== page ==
I took a long break from blogging after the Olympics (“You took a long break from blogging during the Olympics” –Waldorf and Statler). I certainly was not expecting the U.S. to win, not in a rivalry as complicated as our encounters with Canada have been, but I was also not expecting the emotionally devastation of that particular loss. But don’t worry, I’m not going to dredge up too-recent feelings by writing about the gold medal game today.
Instead, I’m going to note something I did expect but allowed myself to hope wouldn’t happen. My Twitter timeline, which was stocked with women’s hockey enthusiasm during Sochi, went suddenly quiet after the closing ceremony. Or, more troubling, it went back to being made up of mostly female hockey writers talking about the NHL. It’s not like the women’s hockey world itself shut down. In fact, the weeks following Sochi provided the opportunity to watch the women’s NCAA tournament with a truly thrilling championship game, an equally thrilling CWHL final, and the U-18 World Championships (okay, FINE, I misread the timing for that one and didn’t see it myself). This was exactly the atmosphere and level of competition that the sport needed to build on the momentum that it’s always claimed big international tournaments create.
There were certainly brief but intense bursts of discussion on all these topics. There is also a small, robust community of women’s hockey folk that was around for all of it. But many women who ostensibly cover hockey seemed to conveniently forget about their gender cohort once the lights went off over the Olympic Stadium, and many who call themselves fans jumped off the bandwagon, and hopefully I am done with clichés for this sentence at least.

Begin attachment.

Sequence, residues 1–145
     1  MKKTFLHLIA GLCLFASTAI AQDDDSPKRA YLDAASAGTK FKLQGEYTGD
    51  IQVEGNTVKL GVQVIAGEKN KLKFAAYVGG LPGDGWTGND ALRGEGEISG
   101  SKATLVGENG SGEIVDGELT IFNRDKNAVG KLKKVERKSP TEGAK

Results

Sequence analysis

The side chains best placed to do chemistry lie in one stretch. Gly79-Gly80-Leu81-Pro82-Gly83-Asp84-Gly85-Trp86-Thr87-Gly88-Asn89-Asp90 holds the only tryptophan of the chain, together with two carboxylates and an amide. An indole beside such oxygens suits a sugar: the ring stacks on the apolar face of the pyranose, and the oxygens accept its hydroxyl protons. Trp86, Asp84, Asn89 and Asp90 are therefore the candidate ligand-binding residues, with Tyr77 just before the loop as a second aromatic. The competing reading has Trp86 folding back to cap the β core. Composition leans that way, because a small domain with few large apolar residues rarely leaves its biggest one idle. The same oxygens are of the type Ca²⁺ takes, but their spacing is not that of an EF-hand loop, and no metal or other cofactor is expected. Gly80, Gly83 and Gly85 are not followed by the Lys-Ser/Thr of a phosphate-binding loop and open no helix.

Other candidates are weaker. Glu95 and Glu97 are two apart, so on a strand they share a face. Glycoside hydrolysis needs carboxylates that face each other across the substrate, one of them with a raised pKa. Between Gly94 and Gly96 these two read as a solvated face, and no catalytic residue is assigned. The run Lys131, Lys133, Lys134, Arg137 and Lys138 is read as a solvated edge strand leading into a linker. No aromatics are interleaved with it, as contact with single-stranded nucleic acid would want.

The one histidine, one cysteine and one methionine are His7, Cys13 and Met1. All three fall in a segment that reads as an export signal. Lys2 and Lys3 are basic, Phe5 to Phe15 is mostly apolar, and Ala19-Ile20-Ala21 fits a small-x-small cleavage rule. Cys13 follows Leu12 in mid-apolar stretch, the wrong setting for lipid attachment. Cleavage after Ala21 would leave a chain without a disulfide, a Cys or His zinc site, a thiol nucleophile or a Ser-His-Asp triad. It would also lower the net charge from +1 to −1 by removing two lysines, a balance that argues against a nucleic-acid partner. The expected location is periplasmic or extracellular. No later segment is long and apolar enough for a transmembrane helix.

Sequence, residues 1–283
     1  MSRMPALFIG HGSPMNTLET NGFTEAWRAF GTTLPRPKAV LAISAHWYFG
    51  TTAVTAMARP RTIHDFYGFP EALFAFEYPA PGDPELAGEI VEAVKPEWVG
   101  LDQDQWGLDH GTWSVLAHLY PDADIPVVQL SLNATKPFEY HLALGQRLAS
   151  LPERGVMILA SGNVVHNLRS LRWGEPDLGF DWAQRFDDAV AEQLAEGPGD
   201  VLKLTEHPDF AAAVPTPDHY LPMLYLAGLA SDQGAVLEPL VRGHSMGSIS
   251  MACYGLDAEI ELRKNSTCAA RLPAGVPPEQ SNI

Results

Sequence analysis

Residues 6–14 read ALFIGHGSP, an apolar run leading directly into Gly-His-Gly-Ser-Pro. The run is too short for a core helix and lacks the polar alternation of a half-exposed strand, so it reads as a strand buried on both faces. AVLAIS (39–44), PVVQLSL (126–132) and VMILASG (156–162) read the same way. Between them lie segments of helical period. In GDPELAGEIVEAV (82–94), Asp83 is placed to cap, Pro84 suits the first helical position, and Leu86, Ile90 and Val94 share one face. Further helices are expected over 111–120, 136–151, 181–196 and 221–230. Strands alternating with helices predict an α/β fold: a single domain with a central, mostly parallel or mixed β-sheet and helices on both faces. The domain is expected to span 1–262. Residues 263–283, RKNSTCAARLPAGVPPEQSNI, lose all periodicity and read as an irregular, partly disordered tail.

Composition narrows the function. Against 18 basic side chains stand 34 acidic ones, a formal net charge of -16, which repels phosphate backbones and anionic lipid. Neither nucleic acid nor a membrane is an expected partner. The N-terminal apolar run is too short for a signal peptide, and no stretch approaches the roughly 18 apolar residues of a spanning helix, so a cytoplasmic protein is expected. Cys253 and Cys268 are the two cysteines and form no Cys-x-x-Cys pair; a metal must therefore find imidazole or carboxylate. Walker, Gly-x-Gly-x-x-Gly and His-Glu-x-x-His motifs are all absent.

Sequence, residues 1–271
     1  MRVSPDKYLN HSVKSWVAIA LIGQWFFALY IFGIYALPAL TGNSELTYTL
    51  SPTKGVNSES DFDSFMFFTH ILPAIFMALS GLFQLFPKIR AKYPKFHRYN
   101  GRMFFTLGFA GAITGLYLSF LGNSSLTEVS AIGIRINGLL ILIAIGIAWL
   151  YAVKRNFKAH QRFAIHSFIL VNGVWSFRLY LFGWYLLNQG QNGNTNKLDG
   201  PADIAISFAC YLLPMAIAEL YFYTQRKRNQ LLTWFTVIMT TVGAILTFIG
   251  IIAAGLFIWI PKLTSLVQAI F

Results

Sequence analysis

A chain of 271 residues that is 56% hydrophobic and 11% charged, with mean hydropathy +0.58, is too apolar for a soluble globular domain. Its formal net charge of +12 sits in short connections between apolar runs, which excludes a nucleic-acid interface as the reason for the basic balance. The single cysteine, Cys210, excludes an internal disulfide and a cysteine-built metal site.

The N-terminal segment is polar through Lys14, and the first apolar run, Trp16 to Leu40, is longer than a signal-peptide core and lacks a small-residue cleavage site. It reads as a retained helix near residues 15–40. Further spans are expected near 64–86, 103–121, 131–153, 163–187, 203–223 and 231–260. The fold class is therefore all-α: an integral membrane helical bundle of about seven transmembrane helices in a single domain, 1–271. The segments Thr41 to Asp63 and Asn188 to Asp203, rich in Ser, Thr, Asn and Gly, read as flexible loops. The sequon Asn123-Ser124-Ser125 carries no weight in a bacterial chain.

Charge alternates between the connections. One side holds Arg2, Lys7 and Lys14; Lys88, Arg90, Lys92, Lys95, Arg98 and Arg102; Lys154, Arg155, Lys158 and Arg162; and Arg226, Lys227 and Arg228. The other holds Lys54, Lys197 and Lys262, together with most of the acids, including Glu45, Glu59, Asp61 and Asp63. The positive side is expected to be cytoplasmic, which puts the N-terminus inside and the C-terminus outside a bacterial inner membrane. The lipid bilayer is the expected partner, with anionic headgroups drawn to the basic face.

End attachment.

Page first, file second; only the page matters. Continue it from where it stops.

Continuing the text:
I suspect that we will see an uptick in girls’ participation in hockey, because that is a positive consequence that tends to follow the Olympics. I also suspect there was increased viewership of the Clarkson Cup due to the participation of many national team players. Certainly the Canadians finally seem to be experiencing a cultural shift toward accepting women’s hockey as a legitimate form of the game. But national-level players are incubated in college and ESPN didn’t even deign to stream, let alone televise, the Frozen Four. Discussion of the title game, unlike discussion of Olympic hockey, didn’t extend to either general women’s sports outlets or God forbid the male-dominated media. Men and women who profess themselves fans have a responsibility not justto show up every four years, but to support the game at multiple levels. Female hockey writers also have a role to play. It’s very important that women are covering the NHL and other men’s sports. I admire what they have to go through in an environment that is hostile to them (and if you live in a dreamworld where you question that hostility’s existence, ask any female blogger with a readership of more than a dozen). It would be fabulous if they turned their attention and their prodigious skills more regularly to the women’s game. Calls for viewership to lead coverage get it exactly backward: serious treatment in the media is a signal that something is worth the viewer’s time.